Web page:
Tuesday, February 9, 2010

South Africa

I am in South Africa today on the 20th anniversary of Nelson Mandela's release from prison. That's not why I came, I just think it's a cool fact!

I came to Johannesburg for work and am currently doing the long trek north to a remote but well known diamond mine near the border of Zimbabwe, just outside the little town of Musina. Seven hours in the back of a 4WD might not be your idea of fun but at least I'm getting to see the rich diversity of the country.

Johannesburg is one the largest cities in the world that wad not built on either a river or a major port. It was founded during the gold rush of the late 1800's when a local land owner was climbing a ridge to survey his property and kicked a big 'ole shiny rock that turned out to be gold. The area exploded with prospectors. Once diamonds were found near Kimberley, the British decided it was time to colonize, by force.

Sadly, this lead to the invention of the world's first concentration camps during the Boer war. The Brits decided they needed a way to conquer the sparsely populated countryside and cut the supply of food to local militia resisting the colonization. As a result, they rounded up women and children from the farms and stuck them in camps to "concentrate" the population. Outbreaks of disease were largely ignored and millions died.

The history here runs deep and every group has their own story but years of economic isolation during apartheid has lead to significant technological advancement in this country. For example, SA guards the secret of turning coal into petroleum. Afterall, a country must have oil even if they can't pump for it and no one will sell it to them. The process is a heavily guarded secret.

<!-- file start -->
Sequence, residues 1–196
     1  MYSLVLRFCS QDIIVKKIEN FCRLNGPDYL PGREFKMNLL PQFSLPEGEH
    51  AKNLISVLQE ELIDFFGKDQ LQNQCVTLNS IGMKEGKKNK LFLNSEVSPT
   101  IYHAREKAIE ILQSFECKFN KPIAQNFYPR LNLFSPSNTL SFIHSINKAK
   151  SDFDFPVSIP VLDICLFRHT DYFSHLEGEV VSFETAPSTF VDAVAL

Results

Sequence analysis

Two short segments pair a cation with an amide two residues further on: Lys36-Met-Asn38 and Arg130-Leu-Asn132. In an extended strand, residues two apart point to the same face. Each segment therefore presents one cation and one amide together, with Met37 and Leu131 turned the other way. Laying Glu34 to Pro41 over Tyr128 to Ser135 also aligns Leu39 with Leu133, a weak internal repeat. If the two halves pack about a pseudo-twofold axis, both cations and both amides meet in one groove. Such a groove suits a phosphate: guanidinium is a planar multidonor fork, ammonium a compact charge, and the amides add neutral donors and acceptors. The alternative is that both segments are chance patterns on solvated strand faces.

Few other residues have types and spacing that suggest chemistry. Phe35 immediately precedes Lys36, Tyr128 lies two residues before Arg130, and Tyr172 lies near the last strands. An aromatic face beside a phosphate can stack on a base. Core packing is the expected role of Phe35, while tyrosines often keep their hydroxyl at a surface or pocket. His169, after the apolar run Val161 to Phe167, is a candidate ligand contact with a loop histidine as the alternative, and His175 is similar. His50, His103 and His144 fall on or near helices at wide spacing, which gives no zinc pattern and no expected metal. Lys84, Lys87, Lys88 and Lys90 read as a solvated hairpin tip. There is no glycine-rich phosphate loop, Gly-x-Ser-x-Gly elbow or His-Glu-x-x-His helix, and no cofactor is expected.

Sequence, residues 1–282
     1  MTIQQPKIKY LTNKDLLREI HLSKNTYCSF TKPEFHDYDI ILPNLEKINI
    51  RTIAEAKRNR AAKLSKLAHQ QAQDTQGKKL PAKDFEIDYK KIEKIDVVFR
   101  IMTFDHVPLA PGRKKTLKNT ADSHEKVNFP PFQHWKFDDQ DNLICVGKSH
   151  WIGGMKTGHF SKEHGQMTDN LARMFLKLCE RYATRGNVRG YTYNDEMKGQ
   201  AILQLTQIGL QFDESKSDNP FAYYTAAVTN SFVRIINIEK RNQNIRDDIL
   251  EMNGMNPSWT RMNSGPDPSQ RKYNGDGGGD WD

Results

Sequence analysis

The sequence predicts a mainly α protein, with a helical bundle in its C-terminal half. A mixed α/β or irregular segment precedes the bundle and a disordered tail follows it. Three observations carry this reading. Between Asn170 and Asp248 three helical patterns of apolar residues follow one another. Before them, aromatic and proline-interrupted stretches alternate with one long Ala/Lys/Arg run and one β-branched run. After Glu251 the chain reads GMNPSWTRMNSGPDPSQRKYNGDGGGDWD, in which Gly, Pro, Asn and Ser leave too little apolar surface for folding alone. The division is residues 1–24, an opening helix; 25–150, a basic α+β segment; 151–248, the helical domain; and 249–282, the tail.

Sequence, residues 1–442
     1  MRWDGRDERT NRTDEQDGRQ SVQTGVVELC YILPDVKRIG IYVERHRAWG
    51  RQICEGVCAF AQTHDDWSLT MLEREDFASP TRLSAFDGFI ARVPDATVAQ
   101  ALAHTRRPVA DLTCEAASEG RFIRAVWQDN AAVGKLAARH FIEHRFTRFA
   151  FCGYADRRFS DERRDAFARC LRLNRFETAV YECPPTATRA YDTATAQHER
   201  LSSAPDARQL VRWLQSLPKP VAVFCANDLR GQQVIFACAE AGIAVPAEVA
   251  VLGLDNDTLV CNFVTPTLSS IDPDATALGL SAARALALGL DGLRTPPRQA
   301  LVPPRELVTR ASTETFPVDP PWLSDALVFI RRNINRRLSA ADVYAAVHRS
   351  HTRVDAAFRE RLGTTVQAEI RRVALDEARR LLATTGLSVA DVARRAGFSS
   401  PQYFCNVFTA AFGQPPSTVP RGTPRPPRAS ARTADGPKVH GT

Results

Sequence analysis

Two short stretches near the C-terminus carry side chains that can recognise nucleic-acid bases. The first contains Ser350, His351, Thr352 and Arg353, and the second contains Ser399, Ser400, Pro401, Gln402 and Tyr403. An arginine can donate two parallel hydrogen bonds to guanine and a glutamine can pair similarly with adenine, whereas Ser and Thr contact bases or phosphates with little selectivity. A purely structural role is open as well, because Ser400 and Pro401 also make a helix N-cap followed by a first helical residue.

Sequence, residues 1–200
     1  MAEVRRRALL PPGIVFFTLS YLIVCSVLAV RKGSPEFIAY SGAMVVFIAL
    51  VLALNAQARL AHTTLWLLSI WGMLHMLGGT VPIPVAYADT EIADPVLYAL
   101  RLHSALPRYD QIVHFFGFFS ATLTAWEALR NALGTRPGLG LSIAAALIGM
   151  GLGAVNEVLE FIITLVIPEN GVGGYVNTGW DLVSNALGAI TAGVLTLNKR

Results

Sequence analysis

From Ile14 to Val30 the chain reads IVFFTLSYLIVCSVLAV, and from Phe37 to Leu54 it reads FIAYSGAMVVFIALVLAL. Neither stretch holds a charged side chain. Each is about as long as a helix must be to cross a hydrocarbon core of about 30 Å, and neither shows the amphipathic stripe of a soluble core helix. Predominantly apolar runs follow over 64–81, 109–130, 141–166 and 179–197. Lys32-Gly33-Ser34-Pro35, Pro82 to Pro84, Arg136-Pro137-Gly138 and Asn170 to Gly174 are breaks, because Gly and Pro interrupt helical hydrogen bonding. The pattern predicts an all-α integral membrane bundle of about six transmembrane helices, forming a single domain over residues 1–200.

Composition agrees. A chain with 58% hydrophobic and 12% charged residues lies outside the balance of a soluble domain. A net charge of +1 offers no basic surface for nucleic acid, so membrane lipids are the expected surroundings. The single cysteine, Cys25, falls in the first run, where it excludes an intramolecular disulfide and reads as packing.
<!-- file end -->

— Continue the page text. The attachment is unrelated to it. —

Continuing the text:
They've also completely cornered the market on diamonds and platinum with a new patent being filed every single day in those industries for the extraction of the precious commodities.

All in all, I think this is a really interesting part of Africa!

Update: we have arrived at the lodge which is absolutely awesome. The food is great and we each have our own hut. On turning in for the night, I had to kill several large bugs who were mounting a counter attack on the giant spider who lives above my bed... At least the spider looks relatively friendly and keeps to his side of the room ( top corners of thatched roof ). I named him fluffy... he's hairy and the size of a small dog. Sure hope he doesn't get hungry.

-- Mobile post

1 comment:

  1. enjoy a beautiful part of the country,but be aware of every thing around you.
    go careful